Ally Huettmann

January 7, 2021

I am so sad to hear that Dr. Wiebe has passed away. I had her for Oral Communication during the spring semester of last year. I loved her class. She was always so happy to be in the classroom. She never missed an opportunity to share about her life and her family. I will miss her and the mentorship that she offered. Prayers for your family.

Amber Secundino

January 7, 2021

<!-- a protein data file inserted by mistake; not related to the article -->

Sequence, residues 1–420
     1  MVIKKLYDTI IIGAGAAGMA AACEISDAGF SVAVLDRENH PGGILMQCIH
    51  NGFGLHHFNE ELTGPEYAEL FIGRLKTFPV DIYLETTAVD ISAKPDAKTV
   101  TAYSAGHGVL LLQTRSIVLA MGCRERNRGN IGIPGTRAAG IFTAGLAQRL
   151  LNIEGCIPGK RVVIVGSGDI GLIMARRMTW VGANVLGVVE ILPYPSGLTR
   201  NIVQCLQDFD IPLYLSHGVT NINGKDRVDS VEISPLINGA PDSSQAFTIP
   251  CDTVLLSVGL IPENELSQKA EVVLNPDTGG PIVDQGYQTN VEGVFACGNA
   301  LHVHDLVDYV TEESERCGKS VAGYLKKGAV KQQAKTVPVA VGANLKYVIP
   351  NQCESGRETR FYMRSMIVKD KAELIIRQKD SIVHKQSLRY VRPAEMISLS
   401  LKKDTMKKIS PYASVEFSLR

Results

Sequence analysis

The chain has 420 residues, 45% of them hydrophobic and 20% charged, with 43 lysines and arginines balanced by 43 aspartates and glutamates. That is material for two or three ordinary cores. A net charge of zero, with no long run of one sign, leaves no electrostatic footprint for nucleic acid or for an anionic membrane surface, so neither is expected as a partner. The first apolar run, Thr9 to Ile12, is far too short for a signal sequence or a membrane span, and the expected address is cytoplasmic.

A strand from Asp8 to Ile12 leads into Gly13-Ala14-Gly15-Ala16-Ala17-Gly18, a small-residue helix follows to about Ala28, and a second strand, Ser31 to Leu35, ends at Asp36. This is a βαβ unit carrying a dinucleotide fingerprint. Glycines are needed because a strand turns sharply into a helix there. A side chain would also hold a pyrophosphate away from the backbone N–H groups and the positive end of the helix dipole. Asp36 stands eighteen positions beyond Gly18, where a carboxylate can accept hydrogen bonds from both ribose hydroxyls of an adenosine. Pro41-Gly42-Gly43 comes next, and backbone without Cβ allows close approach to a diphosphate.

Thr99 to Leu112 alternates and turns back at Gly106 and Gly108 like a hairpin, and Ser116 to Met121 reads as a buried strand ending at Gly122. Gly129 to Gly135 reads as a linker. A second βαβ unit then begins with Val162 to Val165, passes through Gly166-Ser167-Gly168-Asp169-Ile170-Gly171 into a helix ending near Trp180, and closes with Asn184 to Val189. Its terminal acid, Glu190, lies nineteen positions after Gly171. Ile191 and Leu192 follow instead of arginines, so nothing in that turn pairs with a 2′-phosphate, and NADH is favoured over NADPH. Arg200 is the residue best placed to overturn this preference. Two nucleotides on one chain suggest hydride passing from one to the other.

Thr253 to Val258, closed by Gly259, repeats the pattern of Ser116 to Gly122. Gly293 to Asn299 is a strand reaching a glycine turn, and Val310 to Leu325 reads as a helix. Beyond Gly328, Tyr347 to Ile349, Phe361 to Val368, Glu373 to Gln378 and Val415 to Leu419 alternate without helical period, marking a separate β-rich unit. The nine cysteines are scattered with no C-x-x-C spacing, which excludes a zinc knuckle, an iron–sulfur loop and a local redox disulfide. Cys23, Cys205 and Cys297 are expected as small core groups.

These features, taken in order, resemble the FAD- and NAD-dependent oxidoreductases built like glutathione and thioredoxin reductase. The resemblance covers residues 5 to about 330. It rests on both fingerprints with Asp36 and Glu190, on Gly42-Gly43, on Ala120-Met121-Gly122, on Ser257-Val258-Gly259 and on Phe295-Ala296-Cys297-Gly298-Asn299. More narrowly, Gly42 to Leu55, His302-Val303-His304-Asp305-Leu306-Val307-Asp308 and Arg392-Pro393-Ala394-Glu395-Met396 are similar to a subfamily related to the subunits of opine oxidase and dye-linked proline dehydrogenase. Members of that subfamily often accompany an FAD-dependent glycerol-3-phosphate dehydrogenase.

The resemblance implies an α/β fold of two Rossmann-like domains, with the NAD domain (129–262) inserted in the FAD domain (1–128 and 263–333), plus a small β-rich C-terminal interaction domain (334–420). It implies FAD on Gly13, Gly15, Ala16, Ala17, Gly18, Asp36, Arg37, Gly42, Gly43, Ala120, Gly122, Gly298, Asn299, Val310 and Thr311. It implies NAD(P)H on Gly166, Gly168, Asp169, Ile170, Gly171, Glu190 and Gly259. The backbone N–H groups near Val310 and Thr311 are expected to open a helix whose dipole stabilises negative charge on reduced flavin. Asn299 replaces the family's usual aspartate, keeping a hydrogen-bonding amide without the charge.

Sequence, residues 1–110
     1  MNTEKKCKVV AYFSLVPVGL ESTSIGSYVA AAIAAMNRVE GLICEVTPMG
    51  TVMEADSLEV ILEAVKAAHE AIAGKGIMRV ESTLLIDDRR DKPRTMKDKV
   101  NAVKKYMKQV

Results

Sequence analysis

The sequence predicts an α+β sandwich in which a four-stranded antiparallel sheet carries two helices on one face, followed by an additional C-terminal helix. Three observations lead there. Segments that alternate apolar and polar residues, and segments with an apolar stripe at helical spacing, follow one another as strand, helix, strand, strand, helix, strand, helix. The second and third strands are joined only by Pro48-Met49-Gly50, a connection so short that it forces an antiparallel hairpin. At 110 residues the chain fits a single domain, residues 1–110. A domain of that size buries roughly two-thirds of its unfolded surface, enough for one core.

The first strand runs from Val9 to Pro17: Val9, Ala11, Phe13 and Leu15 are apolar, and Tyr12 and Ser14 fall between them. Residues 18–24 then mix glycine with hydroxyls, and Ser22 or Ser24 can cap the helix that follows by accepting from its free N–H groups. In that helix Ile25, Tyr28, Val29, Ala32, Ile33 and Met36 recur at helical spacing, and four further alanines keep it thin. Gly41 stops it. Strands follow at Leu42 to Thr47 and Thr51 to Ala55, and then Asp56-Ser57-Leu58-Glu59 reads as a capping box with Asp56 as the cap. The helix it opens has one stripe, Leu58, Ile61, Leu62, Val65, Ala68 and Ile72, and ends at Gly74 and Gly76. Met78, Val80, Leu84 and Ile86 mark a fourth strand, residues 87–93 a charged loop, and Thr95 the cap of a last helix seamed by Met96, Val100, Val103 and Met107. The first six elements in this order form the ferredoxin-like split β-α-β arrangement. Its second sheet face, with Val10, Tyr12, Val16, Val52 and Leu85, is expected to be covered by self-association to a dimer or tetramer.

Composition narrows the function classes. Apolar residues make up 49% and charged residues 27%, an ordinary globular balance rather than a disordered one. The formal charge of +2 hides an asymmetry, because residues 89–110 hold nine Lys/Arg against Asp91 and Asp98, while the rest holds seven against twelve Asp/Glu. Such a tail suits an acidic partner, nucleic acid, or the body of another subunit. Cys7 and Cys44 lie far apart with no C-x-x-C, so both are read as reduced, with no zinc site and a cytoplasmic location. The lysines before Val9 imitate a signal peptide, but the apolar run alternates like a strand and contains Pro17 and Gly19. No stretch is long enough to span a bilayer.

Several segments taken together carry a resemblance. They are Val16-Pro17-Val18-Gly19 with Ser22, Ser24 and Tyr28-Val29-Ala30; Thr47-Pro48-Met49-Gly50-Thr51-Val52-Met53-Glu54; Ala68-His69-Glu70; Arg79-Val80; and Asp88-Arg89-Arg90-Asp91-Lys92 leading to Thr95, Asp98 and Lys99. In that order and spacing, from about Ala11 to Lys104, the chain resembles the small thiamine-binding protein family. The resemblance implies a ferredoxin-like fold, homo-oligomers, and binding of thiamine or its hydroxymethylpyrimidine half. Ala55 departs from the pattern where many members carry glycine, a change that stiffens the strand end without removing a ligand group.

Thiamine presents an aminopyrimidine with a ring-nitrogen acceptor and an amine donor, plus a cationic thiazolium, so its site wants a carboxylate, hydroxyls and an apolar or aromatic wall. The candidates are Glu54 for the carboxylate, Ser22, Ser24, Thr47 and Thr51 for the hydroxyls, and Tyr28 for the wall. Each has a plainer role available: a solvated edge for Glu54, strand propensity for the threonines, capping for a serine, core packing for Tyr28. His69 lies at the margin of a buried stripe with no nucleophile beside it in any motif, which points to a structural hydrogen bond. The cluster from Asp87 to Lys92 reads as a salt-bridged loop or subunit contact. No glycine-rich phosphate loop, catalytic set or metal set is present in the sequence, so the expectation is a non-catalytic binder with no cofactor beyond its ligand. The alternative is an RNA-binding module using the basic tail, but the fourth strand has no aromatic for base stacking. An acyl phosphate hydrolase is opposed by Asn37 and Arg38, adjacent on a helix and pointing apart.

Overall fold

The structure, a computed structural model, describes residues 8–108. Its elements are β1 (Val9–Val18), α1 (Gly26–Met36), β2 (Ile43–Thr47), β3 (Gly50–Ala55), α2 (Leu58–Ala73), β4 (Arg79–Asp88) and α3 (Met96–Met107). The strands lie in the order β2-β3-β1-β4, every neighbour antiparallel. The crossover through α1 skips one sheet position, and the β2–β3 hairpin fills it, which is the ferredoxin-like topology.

I have such fond memories of Billie Jean from my time at FPU. Taking her oral communications course was nerve racking at first. When you would speak, she would stare at you the entire time, and there would be a long pause before she would provide feedback. Those pauses felt like eons. Everything she would say after that pause, I held onto, and have carried on to my work today. I am now a program manager for an anti-human trafficking agency, and it is always important to make sure what I say will make an impact on those who hear it. I owe my ability to publicly speak to her. She will be greatly missed, future student will be missing out on such a great opportunity to learn from her, and I am grateful for the time I had in her classroom and in our discussions in the coffee shop. I offer my deepest condolences to her family and close friends.